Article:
In her new book, Elyn, R. Saks describes the monumental challenges she faced in her journey through madness, but this autobiography is profoundly hopeful. Highly recommended.
Do you know what it’s like to be crazy – not just angry, I mean psychotic? Do you know what it feels like to believe your very thoughts can kill, that your loved ones are imposters conspiring against you? Do you know what it feels like to be restrained with such force you can barely breath, to be pumped full of powerful, toxic drugs, to feel your own self splinter, recede, then disappear? In short, do you know what madness is?
Elyn R. Saks does, and she is determined her diagnosis will not be a death sentence. In her new book ‘The Center Cannot Hold‘, the Professor of Law, Psychology, and Psychiatry at the University of Southern California tells the story of her ongoing battle with schizophrenia. Considering the psychotic breaks she endures, it is incredible she’s managed to build a successful academic career. And yet she has, and this book is the story of her battle through madness, searching for some understanding of the illness she is both fighting and trying to accept as part of herself.
“Elyn Elyn, watermelon”
Battle. Fight. Struggle. These are all words Saks uses to describe her experience. Nothing sets off these battles more effectively than transition points. When she leaves home to go to university, when she returns home from university, when she begins her academic career, when she has to present a paper at a conference. Each time she’s forced through a period of change or stress, her illness gets worse. Again and again she retreats to the barricades of her mind, sometimes winning, sometimes losing and ending up in hospital.
The descriptions of madness produce some otherworldly writing. Saks recreates the so-called ‘word salad’ (schizophasia) that is often characteristic of those having psychotic breaks. At their first meeting one psychiatrist asks her name:
“My name is Elyn. They used to call me ‘Elyn, Elyn, watermelon.’ At school. Where I used to go. When I am now and having trouble.’
“What kind of trouble?” she asked.
“There’s trouble. Right here in River City. Home of the New Haveners. Where there is no heaven, new or old. I’m just looking for a haven. Can you give me a haven? Aren’t you too young? Why are you crying? I cry because the voices are at the end of time. Time is too old. I’ve killed lots of people.”
“There’s the killing fields,” I said. “Heads exploding. I didn’t do anything wrong. They just said ‘quake, fake, lake.’ I used to ski. Are you trying to kill me?”
Battle with medication
Like many suffering from serious mental illness, Saks has a love-hate relationship with medication, which is both sworn enemy and occasional saviour. Anti-psychotics in hefty doses can work wonders for some people, clearing the fog of psychosis. But they also exact a price. Side-effects include rapid involuntary movements like lip smacking and rapid blinking, behaviours that can be permanent. The drugs can also cause impotence, lethargy, weight gain and…the list goes on.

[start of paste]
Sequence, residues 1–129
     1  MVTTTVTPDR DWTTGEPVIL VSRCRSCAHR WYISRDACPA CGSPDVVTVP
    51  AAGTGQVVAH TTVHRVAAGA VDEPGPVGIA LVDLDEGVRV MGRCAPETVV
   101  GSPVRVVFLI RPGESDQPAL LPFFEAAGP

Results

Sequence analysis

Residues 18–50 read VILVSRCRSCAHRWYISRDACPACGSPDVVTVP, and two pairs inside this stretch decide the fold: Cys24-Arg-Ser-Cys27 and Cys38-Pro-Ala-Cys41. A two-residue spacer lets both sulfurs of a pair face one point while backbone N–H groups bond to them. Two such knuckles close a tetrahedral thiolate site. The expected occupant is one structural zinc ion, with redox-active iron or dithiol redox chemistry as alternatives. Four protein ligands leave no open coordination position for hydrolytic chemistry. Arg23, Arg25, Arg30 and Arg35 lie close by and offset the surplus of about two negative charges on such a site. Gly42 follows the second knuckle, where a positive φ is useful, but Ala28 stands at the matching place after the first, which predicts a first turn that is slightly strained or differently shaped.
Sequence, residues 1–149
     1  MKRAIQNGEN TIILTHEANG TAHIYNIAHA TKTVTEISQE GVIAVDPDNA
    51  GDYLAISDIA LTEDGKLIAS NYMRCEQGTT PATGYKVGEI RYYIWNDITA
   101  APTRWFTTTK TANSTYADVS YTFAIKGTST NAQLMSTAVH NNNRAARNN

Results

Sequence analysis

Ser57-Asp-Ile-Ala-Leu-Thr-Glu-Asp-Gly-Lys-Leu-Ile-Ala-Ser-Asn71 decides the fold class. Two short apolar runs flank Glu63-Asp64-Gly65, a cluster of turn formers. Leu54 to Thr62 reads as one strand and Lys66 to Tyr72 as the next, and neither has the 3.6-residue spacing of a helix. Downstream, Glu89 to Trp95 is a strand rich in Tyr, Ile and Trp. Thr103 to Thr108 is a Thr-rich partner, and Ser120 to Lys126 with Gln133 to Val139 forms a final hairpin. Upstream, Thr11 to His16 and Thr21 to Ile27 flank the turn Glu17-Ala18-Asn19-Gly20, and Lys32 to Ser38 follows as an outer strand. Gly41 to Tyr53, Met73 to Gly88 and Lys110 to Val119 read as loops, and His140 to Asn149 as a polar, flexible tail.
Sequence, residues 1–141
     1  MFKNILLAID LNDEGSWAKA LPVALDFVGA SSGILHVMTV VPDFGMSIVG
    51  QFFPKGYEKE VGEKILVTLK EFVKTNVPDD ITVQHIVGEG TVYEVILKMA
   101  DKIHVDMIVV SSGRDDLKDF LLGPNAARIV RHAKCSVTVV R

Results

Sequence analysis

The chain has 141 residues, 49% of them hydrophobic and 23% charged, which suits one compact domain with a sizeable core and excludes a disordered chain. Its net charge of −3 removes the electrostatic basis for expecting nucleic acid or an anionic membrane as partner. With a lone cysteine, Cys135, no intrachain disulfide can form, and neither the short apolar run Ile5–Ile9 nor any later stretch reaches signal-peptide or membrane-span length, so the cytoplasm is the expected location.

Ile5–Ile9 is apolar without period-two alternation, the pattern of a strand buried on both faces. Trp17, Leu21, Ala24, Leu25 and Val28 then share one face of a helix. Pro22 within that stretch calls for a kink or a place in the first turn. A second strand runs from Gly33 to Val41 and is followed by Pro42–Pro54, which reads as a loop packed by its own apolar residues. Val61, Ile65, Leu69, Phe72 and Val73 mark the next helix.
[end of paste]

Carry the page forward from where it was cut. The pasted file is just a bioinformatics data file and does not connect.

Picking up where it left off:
Saks’ doctors tell her to keep taking the drugs, but she is scared the side-effects will become permanent. For Saks, the very fact that drugs are required is a sign of weakness; she is continually trying to wean herself off medication, but normally with disastrous consequences.
Fighting stigma and injustice
Saks is well aware of the stigma attached to schizophrenia, learning her lesson early that job offers do not come unless she is economical with the truth. She explains that people with schizophrenia are not psychotic all the time, they have ‘psychotic breaks’ which vary in frequency from one person to another. They are not dangerous to others – their behaviour and language might appear frightening but they pose the greatest threat to themselves.
Through her life she shows it is possible for people with schizophrenia to have a life, to work, to find love, although sadly Saks may be an exception to the general rule.
It is clear that her illness influenced Saks in her choice of academic discipline. Early in her career she worked for a charity championing the rights of those with psychiatric diagnoses. Later she explored the legal ramifications of multiple personality disorders. Now, as a professor at USC she is a leading expert in mental health law.
Although Saks describes many depressing things, ultimately this is not a depressing book. Yes, it is an honest portrayal of inner torture, but the book is also filled to the brim with determination. Here is a woman who will not give in to the vagaries of her body, who finds a way around, through or under the obstacles life throws at her. From this determination emerges hope. Hope for the future. For Saks, like all of us, nothing is more important than hope.
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